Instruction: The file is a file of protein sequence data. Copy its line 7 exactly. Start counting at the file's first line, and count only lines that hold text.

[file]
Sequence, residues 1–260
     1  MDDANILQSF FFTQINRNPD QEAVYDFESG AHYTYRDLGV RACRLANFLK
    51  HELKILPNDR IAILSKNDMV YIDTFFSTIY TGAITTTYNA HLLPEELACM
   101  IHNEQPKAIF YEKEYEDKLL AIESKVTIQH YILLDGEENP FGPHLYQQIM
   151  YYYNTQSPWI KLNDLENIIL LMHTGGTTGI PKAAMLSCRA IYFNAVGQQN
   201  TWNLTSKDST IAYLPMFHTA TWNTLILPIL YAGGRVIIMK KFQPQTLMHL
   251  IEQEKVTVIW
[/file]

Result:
   251  IEQEKVTVIW